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Is size-dependent pricing prevalent in fisheries? The case of Norwegian demersal and pelagic fisheries

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  • It is commonly acknowledged that body weight of fish is a key factor in determining market value of landed catch, thus influencing optimal harvest strategies. However, in management strategy evaluations and bioeconomic modelling, body size is often an overlooked economic parameter, and there are no systematic studies on the prevalence of size-dependent pricing. In our study we assessed the presence and magnitude of size-dependent pricing in ex-vessel prices of fish in Norwegian fisheries. The data encompass landings of four pelagic and four demersal stocks in Norway in 2000-2010. Linear mixed models and generalized additive models were used to determine the dependence of unit price on weight class as well as on total yield and time (year). The results show a significant positive relationship between weight class and price for seven out of the eight examined fish stocks. The relative effect of body weight on price was the strongest for cod,Greenland halibut, Norwegian spring-spawning herring and mackerel, lesser for North Sea herring and saithe, and negligible for horse mackerel. These findings demonstrate that size-dependent pricing is common in Norwegian fisheries and might be also widespread internationally. To incorporate such price structures and thus the real valuation of biological attributes like fish size in management strategies could therefore contribute to improved economic performance and sustainability of fisheries.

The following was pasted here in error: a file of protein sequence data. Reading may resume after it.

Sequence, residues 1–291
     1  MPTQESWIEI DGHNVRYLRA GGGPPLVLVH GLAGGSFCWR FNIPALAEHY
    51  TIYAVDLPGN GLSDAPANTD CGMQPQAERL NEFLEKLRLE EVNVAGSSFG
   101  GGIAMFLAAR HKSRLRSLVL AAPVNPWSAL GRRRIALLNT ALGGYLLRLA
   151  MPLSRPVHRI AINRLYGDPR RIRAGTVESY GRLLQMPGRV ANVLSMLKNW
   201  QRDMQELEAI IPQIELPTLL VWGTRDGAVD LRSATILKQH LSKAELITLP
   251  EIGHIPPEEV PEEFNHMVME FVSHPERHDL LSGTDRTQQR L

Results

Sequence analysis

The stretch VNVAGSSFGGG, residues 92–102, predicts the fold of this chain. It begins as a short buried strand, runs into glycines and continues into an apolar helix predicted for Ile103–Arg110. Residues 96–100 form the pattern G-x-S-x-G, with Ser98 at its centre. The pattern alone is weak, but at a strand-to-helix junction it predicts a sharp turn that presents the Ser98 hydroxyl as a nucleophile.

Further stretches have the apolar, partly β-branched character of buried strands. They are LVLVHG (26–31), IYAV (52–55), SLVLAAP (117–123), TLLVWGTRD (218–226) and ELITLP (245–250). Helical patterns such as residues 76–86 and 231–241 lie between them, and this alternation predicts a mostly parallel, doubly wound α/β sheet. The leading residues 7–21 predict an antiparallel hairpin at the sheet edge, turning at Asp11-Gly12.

• Keywords: Markets: Preferences and Prices, Markets and Trade, Fisheries Economics
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  • Zimmerman, Fabian. 2014. Is size-dependent pricing prevalent in fisheries? The case of Norwegian demersal and pelagic fisheries. In: Towards ecosystem based management of fisheries: what role can economics play?: Proceedings of the Seventeenth Biennial Conference of the International Institute of Fisheries Economics and Trade, July 7-11, 2014, Brisbane, Australia. Complied by Ann L. Shriver & Melissa Errend. Corvallis, OR: International Institute of Fisheries.
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  • Fisheries Research & Development Corporation, World Wildlife Fund, MG Kailis Group, AquaFish Innovation Lab, NOAA Fisheries, The European Association of Fisheries Economists, Japan International Fisheries Research Society, United Nations University, NORAD



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